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- Relationship between Price and Searching Time

- Finance & Accounting
- Assignment
- Undergraduate
- Pages: 4 (1000 words)
- December 10, 2020

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The paper "Relationship between Price and Searching Time" is a wonderful example of an assignment on finance and accounting. A1: Locate and select data Table 1: Used car listings from dealer websites S. No Make Model Km Driven Selling price ($) Dealer Name Green Star Rating (Stars) Honda Accord 123,061 13,996 Adelaide City Honda 4 Subaru Forester 38,746 26,941 Adelaide City Subaru 3.5 Toyota Yaris 18,033 15,750 Melbourne City Toyota 5 Suzuki Swift 52,988 9,990 Sydney City Toyota - Source of listings in Table 1 S. No Source URL http: //www. carsales. com. au/dealer/details/Honda-Accord-2008/AGC-AD-16420520/? gts=AGC-AD-16420520& gtssaleid=4470304 http: //www. carsales. com. au/dealer/details/Subaru-Forester-2011/AGC-AD-16458969/? gts=AGC-AD-16458969& gtssaleid=4470304 http: //www. carsales. com. au/dealer/details/Toyota-Yaris-2013/AGC-AD-16339698/? Cr=1& sdmvc=1 http: //sydneycitytoyota. com. au/used-cars/details/Suzuki/Swift/Rs415/2007/Hatchback/93442 Q1. A2: Data description Q2. The measurement properties for the different models of used cars on sale are as indicated in Table 2 below. These measurement properties include the number of kilometers driven, selling price ($), and the green star rating. Table 2: Descriptive statistics of the sampled car listings Kilometers driven Selling price ($) Green star rating (Stars) Mean 58207 16669 4.2 Standard Error 22777.84 3629.88 0.44 Median 45867 14873 4 Mode #N/A #N/A #N/A Standard Deviation 45555.68 7259.76 0.76 Sample Variance 2075320025 52704171.58 0.58 Kurtosis 2.32 2.31 #N/A Skewness 1.41 1.33 0.94 Range 105028 16951 1.5 Minimum 18033 9990 3.5 Maximum 123061 26941 5 Sum 232828 66677 12.5 Count 4 4 3 As indicated in Table 2, the average kilometers driven for the four used car models was 58,207 kilometers, with a standard deviation of 45,555.68.

Honda (Accord) is the model of the used car included in the sample listings with the highest number of kilometers driven (123, 061 km), while Toyota Yaris has the least number of kilometers driven (18,033 km). The average selling price for the sampled four used car models is $16,669, with a standard deviation of 7259.76.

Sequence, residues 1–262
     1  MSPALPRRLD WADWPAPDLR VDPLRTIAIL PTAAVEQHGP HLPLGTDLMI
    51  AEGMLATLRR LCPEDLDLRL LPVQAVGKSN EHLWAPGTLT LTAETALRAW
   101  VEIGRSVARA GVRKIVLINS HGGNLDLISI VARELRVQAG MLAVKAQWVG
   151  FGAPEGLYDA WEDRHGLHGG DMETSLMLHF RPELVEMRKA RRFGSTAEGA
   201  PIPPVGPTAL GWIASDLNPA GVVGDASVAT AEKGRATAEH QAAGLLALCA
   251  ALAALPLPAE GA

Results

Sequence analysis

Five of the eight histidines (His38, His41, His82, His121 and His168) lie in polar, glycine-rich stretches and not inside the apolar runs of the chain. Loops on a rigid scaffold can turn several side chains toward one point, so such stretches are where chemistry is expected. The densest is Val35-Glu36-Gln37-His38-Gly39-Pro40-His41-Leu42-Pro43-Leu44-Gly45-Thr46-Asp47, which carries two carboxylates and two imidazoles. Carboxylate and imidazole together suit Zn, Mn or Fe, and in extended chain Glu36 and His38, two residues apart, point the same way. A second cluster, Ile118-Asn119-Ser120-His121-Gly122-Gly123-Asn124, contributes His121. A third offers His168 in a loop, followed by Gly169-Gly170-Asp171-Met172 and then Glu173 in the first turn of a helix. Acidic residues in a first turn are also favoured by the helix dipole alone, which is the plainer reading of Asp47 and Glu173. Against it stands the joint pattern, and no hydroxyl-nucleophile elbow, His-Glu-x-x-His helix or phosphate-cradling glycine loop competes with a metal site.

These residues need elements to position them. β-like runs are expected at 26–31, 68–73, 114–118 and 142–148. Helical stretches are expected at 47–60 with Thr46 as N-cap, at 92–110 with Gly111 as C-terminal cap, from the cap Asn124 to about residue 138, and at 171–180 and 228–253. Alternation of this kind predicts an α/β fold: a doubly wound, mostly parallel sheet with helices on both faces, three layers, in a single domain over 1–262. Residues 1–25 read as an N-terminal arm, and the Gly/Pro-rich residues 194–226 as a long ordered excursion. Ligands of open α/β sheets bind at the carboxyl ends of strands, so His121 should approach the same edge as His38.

Subaru Forester is the most expensive used car model included in the sample car listings with a selling price of $26,941, while Suzuki Swift is the cheapest car model in the sample used car listings with a selling price of $9,990. The green star rating is a scale used to rate the customers’ preference for the car model on sale. The maximum rating is five stars. For the sample of used car listings, Toyota (Yaris) has the highest Green star rating of five stars. The green star rating for the Suzuki (Swift) was not provided on the dealer website.

However, the average Green Star Rating for the three rated used car models is 4.2. A3: Data analysis Q3. Capecari’ s consulting sample dataset Table 3: Descriptive statistics of Capecari’ s consulting sample data Total search time (hours) Price (AUD) Mean 35.01 14045.74 Standard Error 3.37 891.75 Median 23 13851.65 Mode 23 13851.65 Standard Deviation 33.51 8872.82 Sample Variance 1122.62 78726938.49 Kurtosis 2.68 2.50 Skewness 1.76 1.29 Range 147 50167.22 Minimum 1 0 Maximum 148 50167.22 Sum 3466.32 1390528.53 Count 99 99 Assuming that the Capecari’ s consulting data set is normally distributed; the appropriate technique to identify any outliers that may be present in the data set is by determining values that are more or less than three standard deviations away from the mean. Lower limit =Mean-3(std. dev) Lower limit = 14045.74- 3(8872.82) -12572.72 No outliers present Upper limit = Mean - 3(std. dev) Upper limit = 14045.74 + 3(8872.82) 40664.2 There are price values included in the Capecari’ s consulting data that are greater than the upper limit set for identifying the outliers present in the data set.